We were the only ones left. He stepped onto the edge, grinned, and said, “You have to do this, too.” Then he dived.

“What? No! Wait—” But I was talking to empty space. Gingerly, I stepped closer to the edge and looked down. They seemed impossibly far away, treading the waves.

“David, I can’t swim!” I called down, wondering if he’d forgotten.

“I’m right here,” he shouted back. “I’ll get you as soon as you hit the water.”

My heart was pounding too hard to reply to that. Swimming in deep water was one thing, falling into it from a height of twenty feet was an entirely different level of dread.

The others were also shouting encouragement, but his was the only voice that made it past the buzzing in my ears.

“Abby? Come on, before it gets dark. I don’t want you to miss this.”

“I can’t!” My knees had started shaking.  The shimmering edge of the sun touched its reflection in sea.

” You’re safe; I promise. Abby, I promise.”

I stood there, a breathtaking sunset before me, an incredible man waiting in the water below, and twenty feet of fear and empty air in between. A lifetime of cowardice suddenly seemed awfully exhausting.

I tried to call out a warning, but my throat was too tight. I simply jumped.

And fell.

And fell.

Just because he promised.

Before I knew it, I plunged into the water, nothing but the deep unknown under my feet. Then I was pulled into his arms.

“You’re okay,” he said. “You’re okay.” I will remember that smile for the rest of my life.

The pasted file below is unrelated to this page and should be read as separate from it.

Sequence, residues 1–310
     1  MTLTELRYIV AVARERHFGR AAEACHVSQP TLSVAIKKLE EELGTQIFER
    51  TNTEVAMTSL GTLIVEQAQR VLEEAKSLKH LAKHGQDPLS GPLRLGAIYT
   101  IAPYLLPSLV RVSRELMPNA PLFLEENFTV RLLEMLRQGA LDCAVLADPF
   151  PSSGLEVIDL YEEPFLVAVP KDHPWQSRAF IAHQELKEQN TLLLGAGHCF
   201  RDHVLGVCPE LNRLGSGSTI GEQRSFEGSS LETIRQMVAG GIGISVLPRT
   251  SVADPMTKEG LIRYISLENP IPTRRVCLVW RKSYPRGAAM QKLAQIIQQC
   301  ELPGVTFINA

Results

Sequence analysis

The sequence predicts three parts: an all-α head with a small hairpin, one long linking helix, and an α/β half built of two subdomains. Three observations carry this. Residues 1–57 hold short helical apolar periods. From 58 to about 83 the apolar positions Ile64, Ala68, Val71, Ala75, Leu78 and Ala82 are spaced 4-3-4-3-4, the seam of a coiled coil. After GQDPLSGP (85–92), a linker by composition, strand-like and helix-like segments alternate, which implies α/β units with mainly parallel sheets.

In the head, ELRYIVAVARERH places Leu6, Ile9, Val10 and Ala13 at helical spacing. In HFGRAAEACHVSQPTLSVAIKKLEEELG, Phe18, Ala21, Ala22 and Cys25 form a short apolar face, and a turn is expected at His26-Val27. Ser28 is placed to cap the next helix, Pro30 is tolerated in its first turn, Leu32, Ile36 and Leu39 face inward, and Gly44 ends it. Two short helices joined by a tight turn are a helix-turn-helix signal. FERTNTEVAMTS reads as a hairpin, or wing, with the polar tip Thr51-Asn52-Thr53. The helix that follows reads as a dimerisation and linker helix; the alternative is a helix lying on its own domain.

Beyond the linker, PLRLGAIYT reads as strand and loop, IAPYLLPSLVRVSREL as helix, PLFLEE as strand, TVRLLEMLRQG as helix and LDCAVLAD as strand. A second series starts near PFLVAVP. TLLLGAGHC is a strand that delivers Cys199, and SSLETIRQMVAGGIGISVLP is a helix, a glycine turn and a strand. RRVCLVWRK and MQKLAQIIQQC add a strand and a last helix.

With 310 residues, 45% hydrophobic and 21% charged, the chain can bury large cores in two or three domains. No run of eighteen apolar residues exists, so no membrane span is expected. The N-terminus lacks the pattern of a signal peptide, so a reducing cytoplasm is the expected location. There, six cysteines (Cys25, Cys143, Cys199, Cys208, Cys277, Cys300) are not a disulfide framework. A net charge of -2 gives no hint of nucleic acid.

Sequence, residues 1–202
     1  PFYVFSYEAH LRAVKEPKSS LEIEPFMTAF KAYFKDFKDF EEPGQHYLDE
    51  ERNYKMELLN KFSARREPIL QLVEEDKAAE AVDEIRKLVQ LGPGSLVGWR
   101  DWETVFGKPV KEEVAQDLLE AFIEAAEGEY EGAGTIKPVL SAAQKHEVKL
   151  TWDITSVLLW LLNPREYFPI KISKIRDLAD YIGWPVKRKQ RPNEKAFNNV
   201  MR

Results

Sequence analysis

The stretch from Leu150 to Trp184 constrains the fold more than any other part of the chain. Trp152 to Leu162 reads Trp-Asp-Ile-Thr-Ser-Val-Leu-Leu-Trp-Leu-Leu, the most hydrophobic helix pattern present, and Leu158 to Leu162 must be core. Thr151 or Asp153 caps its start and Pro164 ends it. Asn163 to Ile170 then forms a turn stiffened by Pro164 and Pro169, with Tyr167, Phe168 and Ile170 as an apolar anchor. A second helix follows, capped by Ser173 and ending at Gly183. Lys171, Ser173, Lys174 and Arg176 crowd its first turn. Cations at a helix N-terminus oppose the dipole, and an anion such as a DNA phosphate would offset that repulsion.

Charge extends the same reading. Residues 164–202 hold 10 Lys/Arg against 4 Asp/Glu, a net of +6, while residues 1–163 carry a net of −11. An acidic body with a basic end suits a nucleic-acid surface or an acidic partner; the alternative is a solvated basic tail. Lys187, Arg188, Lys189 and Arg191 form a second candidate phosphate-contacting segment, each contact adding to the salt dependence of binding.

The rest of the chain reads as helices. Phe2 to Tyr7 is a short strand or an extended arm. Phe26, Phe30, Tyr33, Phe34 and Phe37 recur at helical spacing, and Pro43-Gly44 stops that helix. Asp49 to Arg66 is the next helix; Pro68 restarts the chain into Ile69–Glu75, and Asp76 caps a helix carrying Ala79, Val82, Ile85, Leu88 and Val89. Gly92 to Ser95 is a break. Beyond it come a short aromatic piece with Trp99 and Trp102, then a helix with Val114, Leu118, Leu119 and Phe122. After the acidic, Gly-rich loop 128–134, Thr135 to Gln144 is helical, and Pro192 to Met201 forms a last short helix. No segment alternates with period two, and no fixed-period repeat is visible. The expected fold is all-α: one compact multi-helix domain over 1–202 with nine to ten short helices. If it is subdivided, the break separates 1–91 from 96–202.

Sheer exhilaration made me laugh. “Let’s do it again!”


The brilliant beyond brilliant writers at Indie Ink have come up with the Indie Ink Writing Challenge, which I’m joining for the first time. This week, the lovely Jen O. gave me my prompt: A moment of living dangerously.  Just a moment. As prompts go, it was perfect for making me write about something I never would have thought of myself. Thanks, Jen!

Before and After

I used to know the exact moment you walked into a room. I would feel you there, and I’d turn, and a sense of peacefulness would grow inside me, immediately, without exception. I could be hurting or afraid; it didn’t matter. Your presence meant that no matter what was wrong, there was still something right.

Now it’s all too easy to pretend you’re not there. To see a photograph and look at everyone but you. The longer I could look away, the more it meant that the obsession was over.

I don’t know if that’s a good thing or not.